robotics

Scotts Creek School 7th-grader William Selby prepares to compete in the FIRST Lego League regional robotics challenge held Dec. 7 at Cullowhee Valley School.

Hundreds of 4th- through 8th-grade students gathered at Cullowhee Valley School on Saturday, Dec. 7, to compete in the western region’s FIRST Lego League robotics challenge. Jackson County Public Schools hosted the event for the first time, and it featured 28 teams from as far away as Charlotte.

This year’s theme, “City Shapers,” challenged participants to solve a real world problem and build a sustainable future.

JCPS FIRST Robotics Coordinator Larissa Miller was named Regional Coach of the Year and the team from Scotts Creek School received the Core Values Inspiration Award. Smoky Mountain High School student Cody Miller received the Youth Mentor Award.

In the morning session, teams presented research and solutions as part of an innovation project. They were given a team task and scored on their adherence to the program’s core values, and they presented robot designs that were judged by mechanical engineers. The afternoon session featured the popular robot games where teams programmed autonomous robots that completed various tasks in 2 1/2 minute rounds.

Miller said the competitive element of the robotics program is important because students learn valuable skills like problem solving and teamwork at a very young age in a respectful and inclusive environment they call “gracious professionalism.”

“Everybody can go pro on this kind of team,” she said.

Chief Academic Officer Angie Dills emphasized that local teams must typically travel long distances to participate in multi-district events.

“It offered an opportunity for us to have a regional competition where everybody had access,” she said. “We want to remove barriers and enable our kids to have the same access that students would have in a more urban setting.”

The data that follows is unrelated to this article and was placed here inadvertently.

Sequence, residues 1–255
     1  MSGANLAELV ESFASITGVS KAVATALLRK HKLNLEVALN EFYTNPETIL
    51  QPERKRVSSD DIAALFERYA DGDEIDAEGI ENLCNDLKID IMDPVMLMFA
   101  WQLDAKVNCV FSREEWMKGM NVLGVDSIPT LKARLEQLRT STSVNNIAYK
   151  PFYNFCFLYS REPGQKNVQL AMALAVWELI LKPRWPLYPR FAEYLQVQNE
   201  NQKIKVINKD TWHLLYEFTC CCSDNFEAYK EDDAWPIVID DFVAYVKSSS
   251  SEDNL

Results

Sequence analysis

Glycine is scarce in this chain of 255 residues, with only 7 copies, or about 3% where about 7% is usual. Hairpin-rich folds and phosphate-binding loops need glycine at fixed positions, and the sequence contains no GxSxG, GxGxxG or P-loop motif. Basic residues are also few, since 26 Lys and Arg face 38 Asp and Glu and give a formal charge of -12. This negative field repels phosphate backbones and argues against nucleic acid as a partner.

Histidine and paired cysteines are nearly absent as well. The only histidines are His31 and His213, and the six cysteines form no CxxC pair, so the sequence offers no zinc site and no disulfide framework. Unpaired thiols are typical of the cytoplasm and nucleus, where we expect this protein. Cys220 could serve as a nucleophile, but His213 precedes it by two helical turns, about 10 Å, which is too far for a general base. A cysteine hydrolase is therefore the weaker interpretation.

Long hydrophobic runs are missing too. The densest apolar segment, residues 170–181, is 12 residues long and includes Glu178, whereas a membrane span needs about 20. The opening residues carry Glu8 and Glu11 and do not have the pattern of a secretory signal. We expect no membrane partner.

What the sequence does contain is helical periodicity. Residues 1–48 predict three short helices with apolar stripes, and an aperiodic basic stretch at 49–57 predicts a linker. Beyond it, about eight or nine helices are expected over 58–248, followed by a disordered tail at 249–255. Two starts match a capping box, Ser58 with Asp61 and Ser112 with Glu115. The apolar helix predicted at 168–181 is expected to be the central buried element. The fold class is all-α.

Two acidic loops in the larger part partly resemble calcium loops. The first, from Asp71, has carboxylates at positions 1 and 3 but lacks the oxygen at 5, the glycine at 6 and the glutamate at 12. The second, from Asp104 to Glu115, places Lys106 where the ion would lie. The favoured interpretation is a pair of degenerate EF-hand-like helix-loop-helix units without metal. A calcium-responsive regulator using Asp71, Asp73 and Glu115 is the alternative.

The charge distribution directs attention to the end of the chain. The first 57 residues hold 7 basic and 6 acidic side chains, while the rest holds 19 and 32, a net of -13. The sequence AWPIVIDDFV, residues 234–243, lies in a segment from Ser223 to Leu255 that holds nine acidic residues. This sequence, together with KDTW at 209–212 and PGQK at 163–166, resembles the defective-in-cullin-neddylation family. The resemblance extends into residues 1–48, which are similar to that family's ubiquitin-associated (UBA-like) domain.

JCPS has been involved with FIRST Robotics for seven years.

“What started as one team experimenting with the FIRST Lego League competition evolved into multiple teams across the school district,” Dills said. “Some schools have more than one team.”

Dills believes the program develops lifelong skills.

“The students are in charge of their own learning and self-discovery which is very important to the developmental growth of children,” she said.

Maintaining a successful robotics program is labor-intensive and requires significant financial support. Each team of no more than 10 students is coached by a classroom teacher with assistance from one or more volunteers.

The minimum cost to maintain a single FIRST Lego League robotics team is $1,000 per year. “New kits and supplies have to be bought every year,” Dills said. “It’s a huge collaborative effort.”

“We have wonderful volunteers, and our business sponsors are really instrumental to the success of our program,” Miller said.

In addition to grant funding, teams receive financial support from the school district and from several individual and business donors. Community members, organizations or businesses who would like to volunteer time or sponsor a team should contact any JCPS school and inquire about their robotics program.

For more information, call Dills at 586-2311 or email adills@jcpsmail.org.